EAST BRUNSWICK - Dr. Michael Kesler died August 23, 2021, from advanced Parkinsons disease at the age of 97, surrounded by family at his home in East Brunswick, NJ. Born in Dubno, Poland (now Ukraine), Michael and his sister Luba fled their family home to escape the Nazis. They wandered through 3,000 miles to Uzbekistan. During four years, they suffered yet persevered in their quest to survive.
After the war, Michael spent a year in a displaced person's camp in Germany, and was awarded a scholarship from the B'nai B'rith Association to Colby College in Maine. He transferred to MIT, where he earned three degrees: a Bachelor's and Master's in Chemical Engineering, and a second Master's in Biology. Later, he was awarded a PhD in Chemical Engineering from NYU.
In his career as a chemical engineer in the petroleum industry, he was employed by M.W. Kellogg in New York City. While there, he created one of the first chemical engineering simulation programs, The Flexible Flowsheet. He then worked for Exxon, then Mobil Oil. While at Mobil, he created a well-known set of mathematical tools called the Lee-Kesler Correlations, with his colleague B.I. Lee.
Dr. Stanley Sandler, former editor of the American Institute of Chemical Engineers Journal, remembers Dr. Kesler's papers as being among the most cited in the journal in fifty years.
Dr. Kesler next established Kesler Engineering, Inc., which became a highly regarded consulting firm to the petroleum industry internationally.
When Dr. Kesler retired in the 2000s, due to blindness caused by glaucoma, he embarked on a new career as a nonfiction writer. He authored four books, beginning with editing his late wife's account of surviving the Holocaust and finding a new life in America, as a Harvard-educated pediatrician. He followed that with a memoir of his World War II experiences and a self-help book for when cancer strikes a family. His latest volume, The Remnant, published in April 2021 by Vallentine Mitchell (UK), concerns the remnant of Polish Jewry who survived the War by fleeing to the Soviet Union. Dr. Kesler was indeed a part of that remnant and felt it imperative to share his story in light of the world's ongoing refugee crises.
Dr. Kesler always valued his participation in Jewish life, culture and literature. He served as the cantor of the Paramus Jewish Center, and more recently founded Tales of the Past Promoters (TOPPs), celebrating the history and culture of European Jewry. For his contributions, he received a Legacy Award from the East Brunswick Public Library Foundation at its 2018 Gala.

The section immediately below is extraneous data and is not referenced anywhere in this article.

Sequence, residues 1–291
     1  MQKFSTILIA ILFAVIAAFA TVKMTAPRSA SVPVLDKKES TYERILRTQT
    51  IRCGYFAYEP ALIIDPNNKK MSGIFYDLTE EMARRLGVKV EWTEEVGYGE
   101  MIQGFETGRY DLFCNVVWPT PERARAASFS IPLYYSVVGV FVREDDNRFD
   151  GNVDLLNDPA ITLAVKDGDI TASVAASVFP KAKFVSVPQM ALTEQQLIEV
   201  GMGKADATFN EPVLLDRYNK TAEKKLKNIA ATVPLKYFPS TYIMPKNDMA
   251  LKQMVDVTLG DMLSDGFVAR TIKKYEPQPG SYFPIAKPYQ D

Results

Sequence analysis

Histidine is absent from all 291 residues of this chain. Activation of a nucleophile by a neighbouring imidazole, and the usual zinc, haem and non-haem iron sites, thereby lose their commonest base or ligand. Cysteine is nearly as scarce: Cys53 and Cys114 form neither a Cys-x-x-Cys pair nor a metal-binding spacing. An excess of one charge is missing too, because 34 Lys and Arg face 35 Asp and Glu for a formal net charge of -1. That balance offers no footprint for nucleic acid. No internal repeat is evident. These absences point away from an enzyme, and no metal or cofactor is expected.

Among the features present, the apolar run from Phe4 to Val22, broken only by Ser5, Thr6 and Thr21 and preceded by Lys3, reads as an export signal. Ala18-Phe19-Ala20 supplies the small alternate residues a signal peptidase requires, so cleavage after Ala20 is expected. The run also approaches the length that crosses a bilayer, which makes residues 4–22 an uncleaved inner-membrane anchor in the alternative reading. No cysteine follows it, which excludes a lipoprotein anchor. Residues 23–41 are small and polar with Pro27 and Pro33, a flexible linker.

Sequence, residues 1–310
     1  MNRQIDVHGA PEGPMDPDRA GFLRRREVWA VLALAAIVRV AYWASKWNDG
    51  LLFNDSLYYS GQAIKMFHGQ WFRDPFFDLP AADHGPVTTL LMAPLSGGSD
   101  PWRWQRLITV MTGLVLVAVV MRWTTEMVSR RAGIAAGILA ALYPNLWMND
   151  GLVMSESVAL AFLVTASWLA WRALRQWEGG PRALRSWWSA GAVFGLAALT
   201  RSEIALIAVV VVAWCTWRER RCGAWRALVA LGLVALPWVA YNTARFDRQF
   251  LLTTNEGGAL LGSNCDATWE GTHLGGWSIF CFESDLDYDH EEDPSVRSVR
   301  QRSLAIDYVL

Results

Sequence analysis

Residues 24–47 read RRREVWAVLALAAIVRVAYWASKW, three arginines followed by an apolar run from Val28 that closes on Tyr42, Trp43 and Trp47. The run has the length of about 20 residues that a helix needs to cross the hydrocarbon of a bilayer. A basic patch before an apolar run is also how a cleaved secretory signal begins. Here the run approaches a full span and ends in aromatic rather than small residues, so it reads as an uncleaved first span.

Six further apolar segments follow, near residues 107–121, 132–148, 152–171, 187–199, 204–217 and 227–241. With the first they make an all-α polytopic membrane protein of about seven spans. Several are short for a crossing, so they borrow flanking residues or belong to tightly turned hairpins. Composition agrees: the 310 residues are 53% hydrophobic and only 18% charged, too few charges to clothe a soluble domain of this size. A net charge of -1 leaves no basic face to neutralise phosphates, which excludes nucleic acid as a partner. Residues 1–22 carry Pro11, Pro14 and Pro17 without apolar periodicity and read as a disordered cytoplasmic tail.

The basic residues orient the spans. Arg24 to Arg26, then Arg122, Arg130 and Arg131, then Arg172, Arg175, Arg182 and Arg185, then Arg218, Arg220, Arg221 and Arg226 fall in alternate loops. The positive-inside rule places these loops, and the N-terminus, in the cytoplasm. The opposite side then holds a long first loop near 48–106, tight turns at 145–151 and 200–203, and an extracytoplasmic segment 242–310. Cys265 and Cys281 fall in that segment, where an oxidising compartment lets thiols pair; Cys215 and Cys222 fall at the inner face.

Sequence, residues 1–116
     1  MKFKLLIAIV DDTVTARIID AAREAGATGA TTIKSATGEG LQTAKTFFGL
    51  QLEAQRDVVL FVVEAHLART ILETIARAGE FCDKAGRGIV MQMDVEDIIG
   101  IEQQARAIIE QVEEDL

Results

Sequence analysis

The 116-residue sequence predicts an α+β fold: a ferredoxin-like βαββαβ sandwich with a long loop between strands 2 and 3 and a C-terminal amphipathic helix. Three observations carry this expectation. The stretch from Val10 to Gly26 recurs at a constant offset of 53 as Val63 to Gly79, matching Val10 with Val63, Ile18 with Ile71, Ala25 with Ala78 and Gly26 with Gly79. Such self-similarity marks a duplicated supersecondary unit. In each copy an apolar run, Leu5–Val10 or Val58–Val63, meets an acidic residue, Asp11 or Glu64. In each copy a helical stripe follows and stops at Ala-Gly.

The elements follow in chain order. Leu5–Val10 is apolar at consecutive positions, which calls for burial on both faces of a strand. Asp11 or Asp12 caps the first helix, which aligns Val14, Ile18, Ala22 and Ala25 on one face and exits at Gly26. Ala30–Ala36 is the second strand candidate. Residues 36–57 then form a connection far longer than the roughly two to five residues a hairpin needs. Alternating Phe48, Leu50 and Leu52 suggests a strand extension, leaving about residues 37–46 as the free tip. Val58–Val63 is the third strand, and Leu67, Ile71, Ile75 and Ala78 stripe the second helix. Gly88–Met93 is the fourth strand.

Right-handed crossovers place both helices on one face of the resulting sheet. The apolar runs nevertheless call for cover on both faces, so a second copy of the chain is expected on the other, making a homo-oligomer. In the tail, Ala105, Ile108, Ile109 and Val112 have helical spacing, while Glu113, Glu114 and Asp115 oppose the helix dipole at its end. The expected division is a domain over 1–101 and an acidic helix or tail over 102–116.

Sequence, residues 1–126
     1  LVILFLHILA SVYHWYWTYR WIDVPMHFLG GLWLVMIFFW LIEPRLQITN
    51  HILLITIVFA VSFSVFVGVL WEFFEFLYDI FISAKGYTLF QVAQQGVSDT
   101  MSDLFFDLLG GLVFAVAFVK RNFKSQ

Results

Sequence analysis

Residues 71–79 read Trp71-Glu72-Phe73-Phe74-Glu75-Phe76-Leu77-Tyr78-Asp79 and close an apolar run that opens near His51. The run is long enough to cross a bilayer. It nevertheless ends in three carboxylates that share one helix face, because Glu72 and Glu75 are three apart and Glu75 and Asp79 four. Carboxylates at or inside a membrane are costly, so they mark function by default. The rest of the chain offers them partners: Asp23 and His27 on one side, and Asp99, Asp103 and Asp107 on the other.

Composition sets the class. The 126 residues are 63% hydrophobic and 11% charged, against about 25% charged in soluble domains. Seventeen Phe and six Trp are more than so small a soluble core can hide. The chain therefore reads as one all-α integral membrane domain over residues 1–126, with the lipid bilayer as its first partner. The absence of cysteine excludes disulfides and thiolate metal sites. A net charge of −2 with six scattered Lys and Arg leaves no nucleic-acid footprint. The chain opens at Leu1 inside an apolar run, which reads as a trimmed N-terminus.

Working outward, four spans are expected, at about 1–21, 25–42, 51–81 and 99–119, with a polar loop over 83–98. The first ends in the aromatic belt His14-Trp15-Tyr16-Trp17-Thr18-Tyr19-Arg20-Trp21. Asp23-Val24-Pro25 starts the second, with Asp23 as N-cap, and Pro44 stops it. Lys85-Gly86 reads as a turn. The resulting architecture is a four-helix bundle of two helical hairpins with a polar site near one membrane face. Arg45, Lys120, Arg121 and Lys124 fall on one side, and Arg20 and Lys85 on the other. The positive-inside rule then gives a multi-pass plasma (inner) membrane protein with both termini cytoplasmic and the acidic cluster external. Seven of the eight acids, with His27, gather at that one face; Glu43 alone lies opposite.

Dr. Kesler leaves behind his wife, Dr. Barbara S. Reed of East Brunswick, NJ. He is also survived by his four children with his late wife, Dr. Regina Kesler: Mark (of Durham, NC), May Kesler Breslow (of Chevy Chase, MD), David (of San Francisco, CA) and Theodore (of White Plains, NY), as well as two stepchildren: Michael Reed (of Mountain View, CA) and Rabbi Esther Reed (of Highland Park, NJ). He was Zaydee/Poppy to eleven grandchildren: Aaron Kesler, Regina Breslow, Joe and Maia Kesler, Korina and Daniel Kesler, Megan and Hannah Reed, and Isaac, Sammy, and Jonah Reed-Schwartz.
The funeral will be held on Wednesday, August 25 at 11:30 a.m. at Congregation Neve Shalom, 250 Grove Avenue, Metuchen, under the direction of MOUNT SINAI MEMORIAL CHAPELS, Cranbury Road at Evergreen Blvd., East Brunswick. Only those who are vaccinated are invited to attend and masks are required. For directions, please visit our "Services" page.
Memorial contributions may be made in Dr. Kesler's memory to Rutgers University Hillel at https://rutgershillel.org/life-and-legacy/; International Hillel at https://www.hillel.org/; Colby College at 4000 Mayflower Hill Dr, Waterville, ME 04901; MIT at https://giving.mit.edu/form/#/; NYU at https://www.nyu.edu/about/giving.html; The Jewish Joint Distribution Committee at https://www.jdc.org/; HIAS (Hebrew Immigrant Aid Society) at https://act.hias.org/page/31034/donate/1; or to Friends of the Israel Defense Forces (FIDF) at https://www.fidf.org/.
Barbara, your husband lived an extraordinary life.
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